Rather than watching the case count on The New York Times or other news outlets, I track the number of cases by the times we are what my family calls “code red,” when we handle clothing with gloves and disinfectant and maintain distance until my mother, an anesthesiologist, has showered.
Today, we launched Intersections, a newsletter run by The Prospect section of The Daily Princetonian, dedicated to delivering arts and culture to your inbox. We round up articles from the week and share our recommendations for what to do this weekend.
Before leaving home, my phone history with my parents was sparse, to say the least. Now that I’m thousands of miles away, of course I’m texting my parents more. But as a high schooler, I would never have guessed just how often I would find myself, in college, reaching for the phone to contact my mom.
Since being sent to live with my family in March I have been trying to keep myself alive. I am gay and have been forced to live with my religiously conservative and homophobic family. I fear for my safety. But, the University cannot help me.
When Animal Crossing: New Horizons came out this past March, I thought the game would be a perfect counterbalance to the stresses of a wildly uncertain year. I cannot stress this enough: I absolutely love this game. But instead of becoming an outlet for my stress, I found that the New Horizons allowed me to repackage it under the facade of playing a video game.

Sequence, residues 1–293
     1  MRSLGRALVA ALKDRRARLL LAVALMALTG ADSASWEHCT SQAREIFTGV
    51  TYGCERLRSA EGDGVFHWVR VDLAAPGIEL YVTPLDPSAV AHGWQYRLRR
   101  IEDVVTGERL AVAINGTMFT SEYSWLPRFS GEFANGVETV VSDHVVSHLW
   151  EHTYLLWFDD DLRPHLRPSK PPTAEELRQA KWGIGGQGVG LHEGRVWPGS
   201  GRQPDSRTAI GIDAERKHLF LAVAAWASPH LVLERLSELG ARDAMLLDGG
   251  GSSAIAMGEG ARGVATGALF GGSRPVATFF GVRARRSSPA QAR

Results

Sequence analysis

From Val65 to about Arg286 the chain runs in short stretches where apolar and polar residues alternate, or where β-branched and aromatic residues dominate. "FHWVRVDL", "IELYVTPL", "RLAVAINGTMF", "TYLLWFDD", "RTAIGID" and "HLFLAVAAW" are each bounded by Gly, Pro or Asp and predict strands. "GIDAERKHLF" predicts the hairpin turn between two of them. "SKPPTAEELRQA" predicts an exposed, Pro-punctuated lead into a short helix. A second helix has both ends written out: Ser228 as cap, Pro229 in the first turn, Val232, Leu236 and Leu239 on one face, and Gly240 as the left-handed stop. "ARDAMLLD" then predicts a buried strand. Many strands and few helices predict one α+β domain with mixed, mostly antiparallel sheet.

In a normal semester, students may have been able to sow the first seeds of a budding friendship by turning to a peer in an orientation hall or large lecture class to exchange a few words. Now, side conversations have become relegated to the Zoom chat, where a quick private message about an assignment might just spark the beginnings of a new connection.
In a semester where we’re all spending overwhelming amounts of time staring at our computers, it is absolutely critical to find a screen-free activity that also provides genuine respite from schoolwork. Cooking is by no means the only option. But we all have to eat.
Growing up, writing was my haven. My friends teased me for carrying a marble notebook wherever I went, pages brimming with mediocre poems my 12-year-old mind thought Shakespearean. Words, I discovered, have the power to forge rivers, oceans, mountains. They immortalize the rise and fall of civilizations, etch our names in rock and dust.
The future I see in front of me for the next couple months is the white wall that stands behind my desk as I write these words. It looks like my friends and classmates and professors confined to Zoom boxes. It looks like more time hundreds of miles away from the place I’d grown to love as my other home. This is all so different from the future I so wish lay ahead instead.
I thought I’d been careful, and indeed I had been — degrees more so than most, if not all, of my friends and family. Then came the email: my SARS-CoV-2 test, which I’d taken as a precaution before seeing my grandparents, and not at all because I was symptomatic, was positive.